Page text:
In this article, we’ll learn how to add a simple loading spinner in Angular using RxJS and then use an HttpInterceptor to automatically show a loader on all network calls in our Angular app.

Why a loading spinner?

But first, why do we need a loading spinner in Angular? Well, in any web app there are times when you need to tell the user that some process is going on. Usually it is network calls, but could be other background work as well. Since you can need it anywhere on the app, we need to have a global way to do it.

In Angular, services provided at the root are the best for this purpose – because they’re instantiated when the app loads and retain their state till the app is destroyed.

Video tutorial

If you’re more of a reader, just continue below 🙂

Setting up the project

Let’s setup our project with the following command.

ng new angular-loading-service

We’ll also be adding the material components in a bit.

Creating a loading service with RxJS

But first, let’s start with creating the service. We’ll use the following command on the Angular CLI.

ng generate service loading

With our new service, let’s declare a BehaviorSubject to contain our loading state.

Subject vs BehaviorSubject in RxJS

A Subject in RxJS is an observable which can have more than one subscribers.

A BehaviorSubject is a special type of Subject, which saves the current value as well and emits it to all its subscribers. In this way, it’s perfect to store some piece of state in our apps.

If you want to learn more about RxJS and the basics, check out my article on creating a simple weather app with RxJS operators!

Our state here will be either showing the loading spinner or hiding it, so we’ll use a boolean and give an initial value of false.

Then, we’ll expose a loading observable so that our parent component can access this state. This is a protection against using the Behavior Subject directly because we want the state to only change from the service methods.

@Injectable({
  providedIn: 'root',
})
export class LoadingService {
  private _loading = new BehaviorSubject<boolean>(false);
  public readonly loading$ = this._loading.asObservable();

  constructor() {}

  show() {
    this._loading.next(true);
  }

  hide() {
    this._loading.next(false);
  }
}

Lastly, we just added two functions, one for hiding and one for showing the loading spinner. We use the next function to set the “current” value of the loader.

And that’s it for the service! Now let’s quickly test this out.

Adding the loading spinner to our Angular app

We’ll first add the angular material library by the following command.

ng add @angular/material

Then, let’s add the necessary imports in our app.module.

@NgModule({
  declarations: [AppComponent],
  imports: [
    BrowserModule,
    BrowserAnimationsModule,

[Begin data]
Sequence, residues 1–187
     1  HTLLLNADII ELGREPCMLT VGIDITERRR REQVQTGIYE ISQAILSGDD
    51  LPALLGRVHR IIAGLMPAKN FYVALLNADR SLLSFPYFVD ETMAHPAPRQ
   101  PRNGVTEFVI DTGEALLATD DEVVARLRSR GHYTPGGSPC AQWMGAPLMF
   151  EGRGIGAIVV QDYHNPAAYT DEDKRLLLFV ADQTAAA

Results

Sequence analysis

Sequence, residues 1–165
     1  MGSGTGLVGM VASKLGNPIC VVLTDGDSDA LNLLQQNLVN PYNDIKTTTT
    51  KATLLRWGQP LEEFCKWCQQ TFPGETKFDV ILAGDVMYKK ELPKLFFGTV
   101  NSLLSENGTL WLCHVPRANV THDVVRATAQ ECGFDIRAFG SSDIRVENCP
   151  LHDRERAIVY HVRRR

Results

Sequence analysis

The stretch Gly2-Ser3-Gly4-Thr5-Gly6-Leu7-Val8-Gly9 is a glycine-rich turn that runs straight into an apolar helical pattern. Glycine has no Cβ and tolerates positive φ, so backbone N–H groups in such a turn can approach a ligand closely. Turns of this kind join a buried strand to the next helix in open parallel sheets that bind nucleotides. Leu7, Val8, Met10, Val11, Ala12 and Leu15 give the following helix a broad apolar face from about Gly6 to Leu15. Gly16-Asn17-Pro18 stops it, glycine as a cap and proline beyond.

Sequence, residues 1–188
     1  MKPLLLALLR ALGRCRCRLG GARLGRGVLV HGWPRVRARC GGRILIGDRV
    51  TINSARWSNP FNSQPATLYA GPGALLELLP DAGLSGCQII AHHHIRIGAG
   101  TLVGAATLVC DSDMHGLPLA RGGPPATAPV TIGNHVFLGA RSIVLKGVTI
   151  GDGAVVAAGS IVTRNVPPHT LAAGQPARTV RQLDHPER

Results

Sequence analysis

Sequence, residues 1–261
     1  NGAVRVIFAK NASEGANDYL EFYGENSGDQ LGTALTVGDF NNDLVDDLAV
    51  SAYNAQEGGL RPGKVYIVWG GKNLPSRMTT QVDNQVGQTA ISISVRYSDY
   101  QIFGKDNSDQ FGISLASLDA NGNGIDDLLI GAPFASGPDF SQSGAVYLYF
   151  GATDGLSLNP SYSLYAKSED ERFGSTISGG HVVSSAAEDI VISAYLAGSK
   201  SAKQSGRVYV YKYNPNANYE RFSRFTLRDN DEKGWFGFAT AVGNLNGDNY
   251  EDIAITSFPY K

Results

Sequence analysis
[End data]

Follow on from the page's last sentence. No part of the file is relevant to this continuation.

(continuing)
MatButtonModule,
    MatToolbarModule,
    HttpClientModule,
    MatProgressSpinnerModule,
  ],
  bootstrap: [AppComponent],
})

Now in our app component we’ll create a toolbar and add the progress spinner component and set its mode to indeterminate.

<mat-toolbar color="primary">
    Simple Loading Service with RxJS and HttpInterceptor
</mat-toolbar>
<mat-progress-spinner [mode]="'indeterminate'"></mat-progress-spinner>

And also, we’ll add a bit of styling for it to show in the middle of the screen when visible.

mat-progress-spinner {
    position: absolute;
    top: 50%;
    left: 50%;
    transform: translate(-50%, -50%);
    z-index: 5;
}

Let’s test this out now.

Great, we can see a loading spinner at the correct position in the center.

Now let’s link this up with our loading service. We’ll declare loading$ observable in our component and add our loading service to the constructor. Then, we’ll just equal our variable to the loading observable in our service.

export class AppComponent {
  loading$ = this.loader.loading$;
  constructor(public loader: LoadingService) {}
}

In the template, we’ll add an *ngIf directive with the async pipe, so it shows only when the value is true.

Also, we’ll add simple buttons to show and hide so we can test this out.

<button mat-raised-button (click)="loader.show()">
    Show Loader
</button>

<button mat-raised-button (click)="loader.hide()">
    Hide Loader
</button>

<mat-progress-spinner [mode]="'indeterminate'" *ngIf="loading$ | async"></mat-progress-spinner>

Now, if we test it out, we’ll be able to make the loader appear with the “Show Loader” button and make it disappear with the “Hide Loader” button.

Great! This works well but there’s a slight problem…

Repetitive calls to show and hide the loading spinner

If you have lots of components with API calls in each of them, it becomes a bit repetitive to show and hide the loader before and after calling the API. Since the vast majority of apps need a loader only when making network calls, we can automate that process a bit.

For that, Angular provides a nifty way called HttpInterceptor.

Http Interceptors basically intercept all network calls using the HttpClient in Angular

We can use them for a variety of purposes such as adding an authorization token etc. Here, we can also use it to show and hide the loading spinner automatically whenever an API call is made. This will save us a lot of time and make our code in our components simpler!

So let’s generate an Interceptor using the following command.

ng generate interceptor network

If you look at the interceptor now, we’re given an intercept function, which is called whenever an API call is made from the HttpClient. Let’s include the loading service in the constructor and then show the loader when the intercept function is called.

@Injectable()
export class NetworkInterceptor implements HttpInterceptor {
  constructor(private loader: LoadingService) {}

  intercept(
request: HttpRequest<unknown>,
next: HttpHandler
): Observable<HttpEvent<unknown>> {
    this.loader.show();
    return next.handle(request).pipe(
      finalize(() => {
        this.loader.hide();
      })
    );
  }
}

The end of the API call happens after next.handle, so we’ve added the finalize operator in a pipe after this. The finalize operator in RxJS covers both success and failure cases, so whether the API succeeds or fails, this code should be called. We’re just going to hide the loader here.

Registering the interceptor

The last thing we need to do is to tell Angular about the interceptor. We do this by specifying the interceptor in the HTTP INTERCEPTORS token in the providers for our app in app.module.

providers: [
    {
      provide: HTTP_INTERCEPTORS,
      useClass: NetworkInterceptor,
      multi: true,
    },
 ],

Great, let’s test this out now by making a simple function with a Http call to the Github users API. We’ll only log the output in the console. And we’ll use a button to call this function. If the interceptor is working fine, this should automatically show the loader when network call is in progress.

fetchUser() {
    this.http
      .get('https://api.github.com/users/thisiszoaib')
      .subscribe((res) => {
        console.log(res);
      });
 }